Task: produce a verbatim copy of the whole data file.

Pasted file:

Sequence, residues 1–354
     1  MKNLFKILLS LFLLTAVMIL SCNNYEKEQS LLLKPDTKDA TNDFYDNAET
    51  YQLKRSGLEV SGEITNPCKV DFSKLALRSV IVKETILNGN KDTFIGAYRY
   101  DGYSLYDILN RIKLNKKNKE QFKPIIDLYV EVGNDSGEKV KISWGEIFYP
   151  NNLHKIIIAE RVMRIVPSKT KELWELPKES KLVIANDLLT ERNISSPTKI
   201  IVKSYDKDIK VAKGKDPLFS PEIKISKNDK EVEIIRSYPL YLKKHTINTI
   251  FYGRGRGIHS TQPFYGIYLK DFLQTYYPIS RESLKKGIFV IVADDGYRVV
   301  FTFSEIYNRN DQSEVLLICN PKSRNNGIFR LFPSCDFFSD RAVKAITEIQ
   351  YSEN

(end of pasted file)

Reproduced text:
Sequence, residues 1–354
     1  MKNLFKILLS LFLLTAVMIL SCNNYEKEQS LLLKPDTKDA TNDFYDNAET
    51  YQLKRSGLEV SGEITNPCKV DFSKLALRSV IVKETILNGN KDTFIGAYRY
   101  DGYSLYDILN RIKLNKKNKE QFKPIIDLYV EVGNDSGEKV KISWGEIFYP
   151  NNLHKIIIAE RVMRIVPSKT KELWELPKES KLVIANDLLT ERNISSPTKI
   201  IVKSYDKDIK VAKGKDPLFS PEIKISKNDK EVEIIRSYPL YLKKHTINTI
   251  FYGRGRGIHS TQPFYGIYLK DFLQTYYPIS RESLKKGIFV IVADDGYRVV
   301  FTFSEIYNRN DQSEVLLICN PKSRNNGIFR LFPSCDFFSD RAVKAITEIQ
   351  YSEN